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Anthrax Vaccine: A Clinical Review of the Data



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Am Fam Physician. 1998 Sep 1;58(3):770.

Consultants for The Medical Letter on Drugs and Therapeutics reviewed data on the anthrax vaccine following the government's decision to vaccinate more than 2 million members of the armed forces.

Anthrax is caused by the gram-positive, spore-forming bacterium Bacillus anthracis. The spores can persist in nature for many years and may infect grazing animals. Although cutaneous anthrax is the most common form of the disease, inhaled anthrax is the most significant concern for U.S. military forces. Inhaled anthrax can cause fever, cough and weakness within one to six days of infection and may progress in two to three days to respiratory failure, septic shock and multiorgan failure. The mortality rate in persons with untreated inhalation anthrax is about 95 percent.

The anthrax vaccine is produced as a sterile filtrate of cultures of an avirulent strain that elaborates protective antigen. Although no results from controlled trials are available, the vaccine has been licensed by the U.S. Food and Drug Administration since 1970. Experience with the current vaccine in high-risk industries with exposure to imported animal products has shown that anthrax infection has not occurred in workers who received two or more doses of vaccine but has occurred in some unvaccinated workers. A protective antibody response does not usually develop until seven days after the second dose of the vaccine. The vaccine is well tolerated, and erythema and tenderness at the injection site are usually mild. Fever and chills are rare.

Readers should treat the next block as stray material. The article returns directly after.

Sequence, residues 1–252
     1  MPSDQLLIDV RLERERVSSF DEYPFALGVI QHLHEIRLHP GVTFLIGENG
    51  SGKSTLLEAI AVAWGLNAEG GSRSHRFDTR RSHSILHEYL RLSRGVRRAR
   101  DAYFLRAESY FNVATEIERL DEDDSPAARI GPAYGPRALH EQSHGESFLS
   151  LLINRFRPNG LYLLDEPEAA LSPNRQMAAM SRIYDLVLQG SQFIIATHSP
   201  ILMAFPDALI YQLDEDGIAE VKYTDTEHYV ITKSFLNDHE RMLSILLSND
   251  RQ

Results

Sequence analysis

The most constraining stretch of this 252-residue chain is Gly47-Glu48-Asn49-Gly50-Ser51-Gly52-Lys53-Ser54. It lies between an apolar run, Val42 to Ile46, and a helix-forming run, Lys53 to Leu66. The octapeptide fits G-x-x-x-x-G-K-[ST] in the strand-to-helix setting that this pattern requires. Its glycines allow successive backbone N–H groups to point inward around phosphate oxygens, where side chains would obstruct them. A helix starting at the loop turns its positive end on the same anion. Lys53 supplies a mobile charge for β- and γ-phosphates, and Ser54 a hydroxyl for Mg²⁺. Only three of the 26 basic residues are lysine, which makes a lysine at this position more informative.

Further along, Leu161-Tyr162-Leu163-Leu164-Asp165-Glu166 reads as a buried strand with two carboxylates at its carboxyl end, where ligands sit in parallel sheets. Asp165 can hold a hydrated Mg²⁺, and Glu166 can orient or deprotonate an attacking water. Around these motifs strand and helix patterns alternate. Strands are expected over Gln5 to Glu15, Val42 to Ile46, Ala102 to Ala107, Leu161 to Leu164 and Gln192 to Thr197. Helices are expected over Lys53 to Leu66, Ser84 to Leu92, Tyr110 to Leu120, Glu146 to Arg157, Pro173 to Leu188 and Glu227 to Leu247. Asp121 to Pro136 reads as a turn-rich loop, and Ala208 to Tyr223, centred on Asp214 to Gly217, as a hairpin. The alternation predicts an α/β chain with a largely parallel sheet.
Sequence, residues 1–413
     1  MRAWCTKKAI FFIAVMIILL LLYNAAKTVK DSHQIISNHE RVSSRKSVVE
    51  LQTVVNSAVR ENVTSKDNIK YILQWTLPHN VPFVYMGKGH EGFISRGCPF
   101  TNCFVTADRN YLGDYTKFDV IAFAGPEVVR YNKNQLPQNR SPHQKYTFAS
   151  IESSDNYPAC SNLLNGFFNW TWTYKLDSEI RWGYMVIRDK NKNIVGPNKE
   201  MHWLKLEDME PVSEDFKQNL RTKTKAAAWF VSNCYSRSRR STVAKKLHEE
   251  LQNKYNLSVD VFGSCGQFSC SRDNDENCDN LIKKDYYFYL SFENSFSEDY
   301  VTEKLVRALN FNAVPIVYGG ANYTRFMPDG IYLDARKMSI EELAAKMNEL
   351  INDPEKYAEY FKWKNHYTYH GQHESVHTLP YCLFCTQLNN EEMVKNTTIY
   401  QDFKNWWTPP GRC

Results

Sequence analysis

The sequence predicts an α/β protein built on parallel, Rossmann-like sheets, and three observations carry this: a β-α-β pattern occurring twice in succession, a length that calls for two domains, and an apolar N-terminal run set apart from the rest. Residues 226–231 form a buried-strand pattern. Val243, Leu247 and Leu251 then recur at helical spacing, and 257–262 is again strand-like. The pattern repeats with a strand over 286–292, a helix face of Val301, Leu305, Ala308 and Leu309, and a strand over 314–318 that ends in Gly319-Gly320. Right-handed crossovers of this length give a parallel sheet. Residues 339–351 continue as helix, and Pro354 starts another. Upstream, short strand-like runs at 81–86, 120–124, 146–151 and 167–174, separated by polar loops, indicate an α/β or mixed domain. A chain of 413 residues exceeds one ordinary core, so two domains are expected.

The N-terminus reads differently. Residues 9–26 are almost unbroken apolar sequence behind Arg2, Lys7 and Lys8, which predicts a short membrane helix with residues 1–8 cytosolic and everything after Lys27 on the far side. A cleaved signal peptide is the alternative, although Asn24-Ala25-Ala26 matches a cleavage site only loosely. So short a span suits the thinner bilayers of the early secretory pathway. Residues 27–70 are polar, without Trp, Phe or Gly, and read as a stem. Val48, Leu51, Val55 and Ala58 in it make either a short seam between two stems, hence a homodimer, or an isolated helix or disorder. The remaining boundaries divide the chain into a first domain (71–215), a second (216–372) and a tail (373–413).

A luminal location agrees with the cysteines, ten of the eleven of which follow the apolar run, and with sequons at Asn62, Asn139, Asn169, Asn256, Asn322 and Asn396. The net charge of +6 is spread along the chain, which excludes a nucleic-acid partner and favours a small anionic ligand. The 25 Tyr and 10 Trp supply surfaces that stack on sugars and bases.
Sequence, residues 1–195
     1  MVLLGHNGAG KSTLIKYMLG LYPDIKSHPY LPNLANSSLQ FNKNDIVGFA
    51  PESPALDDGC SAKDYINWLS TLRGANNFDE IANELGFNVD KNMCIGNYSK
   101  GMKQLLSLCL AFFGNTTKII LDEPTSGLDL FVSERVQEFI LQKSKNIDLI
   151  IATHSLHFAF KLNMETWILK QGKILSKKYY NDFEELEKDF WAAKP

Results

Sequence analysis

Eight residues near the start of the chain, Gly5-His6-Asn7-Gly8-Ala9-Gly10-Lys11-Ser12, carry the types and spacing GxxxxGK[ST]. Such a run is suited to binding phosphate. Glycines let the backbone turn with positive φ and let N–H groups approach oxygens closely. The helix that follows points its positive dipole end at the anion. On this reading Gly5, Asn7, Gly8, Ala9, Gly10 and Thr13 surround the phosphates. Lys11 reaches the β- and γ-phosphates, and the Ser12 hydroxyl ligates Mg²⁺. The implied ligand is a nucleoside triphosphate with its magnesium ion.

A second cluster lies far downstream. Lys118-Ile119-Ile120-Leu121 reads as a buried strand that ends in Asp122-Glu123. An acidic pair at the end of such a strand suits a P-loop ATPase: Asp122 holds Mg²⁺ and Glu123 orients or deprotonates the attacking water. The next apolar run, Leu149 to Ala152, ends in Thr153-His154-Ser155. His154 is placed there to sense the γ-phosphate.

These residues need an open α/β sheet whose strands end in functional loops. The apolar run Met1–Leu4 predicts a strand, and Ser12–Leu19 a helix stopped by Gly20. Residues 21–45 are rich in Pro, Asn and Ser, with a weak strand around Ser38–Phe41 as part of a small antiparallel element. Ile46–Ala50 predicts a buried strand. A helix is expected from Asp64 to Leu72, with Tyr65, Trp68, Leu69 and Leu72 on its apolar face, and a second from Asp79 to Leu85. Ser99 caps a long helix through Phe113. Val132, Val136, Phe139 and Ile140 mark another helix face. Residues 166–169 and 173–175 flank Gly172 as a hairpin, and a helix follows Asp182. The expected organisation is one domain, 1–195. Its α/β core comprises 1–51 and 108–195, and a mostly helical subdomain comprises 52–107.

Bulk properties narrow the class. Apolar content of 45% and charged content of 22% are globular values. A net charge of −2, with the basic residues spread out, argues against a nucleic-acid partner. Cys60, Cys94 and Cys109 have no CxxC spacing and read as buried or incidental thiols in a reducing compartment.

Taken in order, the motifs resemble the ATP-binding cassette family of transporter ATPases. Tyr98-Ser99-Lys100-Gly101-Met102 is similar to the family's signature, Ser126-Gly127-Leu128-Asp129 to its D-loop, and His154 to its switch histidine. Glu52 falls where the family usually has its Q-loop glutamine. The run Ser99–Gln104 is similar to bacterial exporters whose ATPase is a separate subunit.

Anthrax vaccine is given in a volume of 0.5 mL subcutaneously at zero, two and four weeks, and at six, 12 and 18 months. An annual booster shot is recommended. In emergency exposure, the vaccine should be given immediately and repeated two weeks later with appropriate antibiotic coverage.

The anthrax bacillus is highly susceptible in vitro to penicillin, amoxicillin, chloramphenicol, doxycycline, erythromycin, streptomycin and ciprofloxacin. It is resistant to third-generation cephalosporins.

In animal studies, 30 days of treatment with an antibiotic was generally effective, but vaccination alone was not sufficient. The current recommendation for prophylaxis after exposure is vaccination plus oral doxycycline, in a dosage of 100 mg twice daily, or ciprofloxacin, in a dosage of 500 mg twice daily, for at least 30 days. Symptomatic patients with inhalation anthrax should be treated with ciprofloxacin, in a dosage of 400 mg intravenously every eight to 12 hours, until susceptibility tests are available.

Medical Letter consultants conclude that anthrax vaccine is safe and effective for preexposure prevention of anthrax. Following exposure, an unvaccinated person should receive vaccination and a prolonged course of antimicrobial prophylaxis.

Medical Letter consultants. Anthrax vaccine. Med Lett Drugs Ther. May 8, 1998;40(1026):52–3.



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